August brought lower unemployment rates than July throughout Los
Angeles County, but area authorities said the decline in numbers
aren't as straightforward as they seem.
"It is dropping because the number of job seekers is decreasing,"
said Bill Freed, the labor market specialist for California's
Employment Development Department. "It's very possible people have
become discouraged and have stopped looking for work."
Don Nakamoto, a labor market specialist for Glendale, said one of
the main factors is the seasonal differences.
"When people were leaving their jobs during the summer, the rate
spiked up," he said. "But in the August-September period, we'll see
it go down to pre-June levels."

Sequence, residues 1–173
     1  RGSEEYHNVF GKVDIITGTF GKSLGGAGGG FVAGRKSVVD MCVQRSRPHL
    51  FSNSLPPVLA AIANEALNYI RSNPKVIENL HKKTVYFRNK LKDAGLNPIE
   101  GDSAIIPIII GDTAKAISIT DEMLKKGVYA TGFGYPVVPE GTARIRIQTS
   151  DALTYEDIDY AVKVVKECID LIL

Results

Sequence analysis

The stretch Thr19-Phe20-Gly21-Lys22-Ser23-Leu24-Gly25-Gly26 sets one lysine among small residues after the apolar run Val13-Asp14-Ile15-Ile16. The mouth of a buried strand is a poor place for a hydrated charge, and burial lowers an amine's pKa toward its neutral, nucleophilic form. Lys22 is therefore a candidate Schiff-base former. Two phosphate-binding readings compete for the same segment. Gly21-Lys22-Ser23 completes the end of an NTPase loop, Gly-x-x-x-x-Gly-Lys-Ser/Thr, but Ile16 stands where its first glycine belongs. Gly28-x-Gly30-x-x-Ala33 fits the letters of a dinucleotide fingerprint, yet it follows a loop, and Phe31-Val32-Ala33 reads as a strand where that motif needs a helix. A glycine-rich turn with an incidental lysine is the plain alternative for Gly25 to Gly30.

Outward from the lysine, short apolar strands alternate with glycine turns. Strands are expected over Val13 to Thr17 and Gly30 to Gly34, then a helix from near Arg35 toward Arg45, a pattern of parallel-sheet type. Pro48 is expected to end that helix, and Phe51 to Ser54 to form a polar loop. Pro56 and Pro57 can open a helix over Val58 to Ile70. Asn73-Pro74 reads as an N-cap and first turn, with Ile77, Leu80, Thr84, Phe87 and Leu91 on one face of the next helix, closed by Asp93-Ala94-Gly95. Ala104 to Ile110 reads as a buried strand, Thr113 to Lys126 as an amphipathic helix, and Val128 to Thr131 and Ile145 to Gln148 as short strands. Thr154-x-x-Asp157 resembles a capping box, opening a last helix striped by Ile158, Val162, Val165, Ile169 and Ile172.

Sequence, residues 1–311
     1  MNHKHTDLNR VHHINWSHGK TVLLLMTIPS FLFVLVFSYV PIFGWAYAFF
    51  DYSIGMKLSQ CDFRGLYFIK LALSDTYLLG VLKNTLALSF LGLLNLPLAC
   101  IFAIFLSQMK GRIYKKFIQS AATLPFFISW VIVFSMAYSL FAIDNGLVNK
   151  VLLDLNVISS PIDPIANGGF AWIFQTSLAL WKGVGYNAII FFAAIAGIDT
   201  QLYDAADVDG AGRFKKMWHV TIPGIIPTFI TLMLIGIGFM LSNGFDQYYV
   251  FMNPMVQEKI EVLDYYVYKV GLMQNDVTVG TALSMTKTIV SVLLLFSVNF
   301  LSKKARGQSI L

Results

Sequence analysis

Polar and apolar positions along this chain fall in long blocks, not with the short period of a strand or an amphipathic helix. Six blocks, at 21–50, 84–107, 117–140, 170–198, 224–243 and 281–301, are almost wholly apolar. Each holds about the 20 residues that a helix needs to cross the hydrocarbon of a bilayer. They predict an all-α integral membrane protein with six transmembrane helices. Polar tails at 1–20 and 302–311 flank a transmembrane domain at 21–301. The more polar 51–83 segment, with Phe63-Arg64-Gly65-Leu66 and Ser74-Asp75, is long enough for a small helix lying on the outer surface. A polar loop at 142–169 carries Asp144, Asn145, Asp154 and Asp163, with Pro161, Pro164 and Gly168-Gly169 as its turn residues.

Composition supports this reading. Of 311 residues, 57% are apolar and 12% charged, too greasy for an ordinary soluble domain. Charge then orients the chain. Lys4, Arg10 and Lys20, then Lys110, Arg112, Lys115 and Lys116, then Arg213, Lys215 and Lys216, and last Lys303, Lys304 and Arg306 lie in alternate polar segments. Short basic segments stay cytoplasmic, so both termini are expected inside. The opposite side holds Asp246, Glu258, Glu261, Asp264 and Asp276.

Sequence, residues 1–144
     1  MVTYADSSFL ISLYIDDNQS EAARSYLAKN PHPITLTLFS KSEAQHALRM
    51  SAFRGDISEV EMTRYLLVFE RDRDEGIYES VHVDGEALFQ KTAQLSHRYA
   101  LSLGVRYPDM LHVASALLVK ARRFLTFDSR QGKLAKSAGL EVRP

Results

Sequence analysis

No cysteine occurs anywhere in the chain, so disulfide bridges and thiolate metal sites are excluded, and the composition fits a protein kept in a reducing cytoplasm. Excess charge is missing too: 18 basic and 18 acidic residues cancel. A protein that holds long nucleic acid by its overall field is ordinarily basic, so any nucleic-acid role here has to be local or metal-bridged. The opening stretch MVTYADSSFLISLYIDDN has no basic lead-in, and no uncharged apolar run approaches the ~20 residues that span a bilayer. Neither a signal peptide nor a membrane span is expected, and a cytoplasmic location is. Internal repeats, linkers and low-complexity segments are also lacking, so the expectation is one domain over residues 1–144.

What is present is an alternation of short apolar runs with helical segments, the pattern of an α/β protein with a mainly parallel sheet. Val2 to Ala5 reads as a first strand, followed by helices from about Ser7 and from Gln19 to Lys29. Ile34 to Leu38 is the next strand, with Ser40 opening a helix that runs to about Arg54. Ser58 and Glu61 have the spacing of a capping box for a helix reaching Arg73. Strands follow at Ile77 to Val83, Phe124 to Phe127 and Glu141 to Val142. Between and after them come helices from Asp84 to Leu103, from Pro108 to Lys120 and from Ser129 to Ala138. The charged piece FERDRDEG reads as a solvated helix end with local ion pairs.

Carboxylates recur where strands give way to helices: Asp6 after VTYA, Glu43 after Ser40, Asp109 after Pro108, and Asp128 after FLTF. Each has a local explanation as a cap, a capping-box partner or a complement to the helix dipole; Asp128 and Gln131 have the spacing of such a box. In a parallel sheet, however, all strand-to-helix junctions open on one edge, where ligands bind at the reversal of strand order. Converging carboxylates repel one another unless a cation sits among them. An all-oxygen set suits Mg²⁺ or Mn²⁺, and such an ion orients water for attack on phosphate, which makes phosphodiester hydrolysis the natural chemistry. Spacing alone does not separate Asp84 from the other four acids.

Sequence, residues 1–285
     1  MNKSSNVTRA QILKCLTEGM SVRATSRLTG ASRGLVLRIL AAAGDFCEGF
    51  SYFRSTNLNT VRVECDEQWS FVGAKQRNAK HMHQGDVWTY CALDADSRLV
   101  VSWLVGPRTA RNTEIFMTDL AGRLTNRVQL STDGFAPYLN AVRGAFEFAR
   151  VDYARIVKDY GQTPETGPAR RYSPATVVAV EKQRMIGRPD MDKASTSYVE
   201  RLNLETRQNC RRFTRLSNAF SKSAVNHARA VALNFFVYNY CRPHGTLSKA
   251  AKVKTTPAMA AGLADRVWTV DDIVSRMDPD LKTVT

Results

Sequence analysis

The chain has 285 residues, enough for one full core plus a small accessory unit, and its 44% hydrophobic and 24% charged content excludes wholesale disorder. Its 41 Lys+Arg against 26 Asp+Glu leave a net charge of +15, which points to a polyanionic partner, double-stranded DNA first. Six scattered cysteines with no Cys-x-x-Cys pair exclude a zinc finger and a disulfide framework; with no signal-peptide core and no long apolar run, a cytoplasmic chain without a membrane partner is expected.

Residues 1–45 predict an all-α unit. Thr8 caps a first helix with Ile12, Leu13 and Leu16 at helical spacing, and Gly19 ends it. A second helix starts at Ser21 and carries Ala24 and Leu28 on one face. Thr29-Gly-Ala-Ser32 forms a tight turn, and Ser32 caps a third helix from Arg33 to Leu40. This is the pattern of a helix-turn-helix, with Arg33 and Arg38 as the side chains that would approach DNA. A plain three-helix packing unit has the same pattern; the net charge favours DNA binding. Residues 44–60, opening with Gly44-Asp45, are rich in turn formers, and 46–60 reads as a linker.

The county's unemployment rate declined from 6.8% to 6.4% between
July and August. Locally, Burbank's rate decreased from 5.2% to 4.7%
and Glendale reduced its rate from 7.1% to 6.4%. But despite the
decrease in the unemployment rate, the county's labor force dropped
from 4,952,800 in July to 4,875,100 in August. Burbank went from
57,650 in July to 56,880 in August, while Glendale dipped from
102,160 to 100,600.
In comparison, Burbank's labor force and unemployment rate of
August 2001 were 57,388 and 4.2%, respectively. August 2000 numbers
were 56,334 and 3.9%.
Nakamoto and Freed said businesses are cautious and usually
reluctant to hire until the economy proves itself to be more stable.
"Even though the economy appears to be growing, it is growing
slowly and will take awhile to build momentum," Nakamoto said.
And even though the data signifies an improving economy and labor
force, Freed isn't ready to celebrate.
"It doesn't want to make me get up and cheer and break my
champagne glass," he said.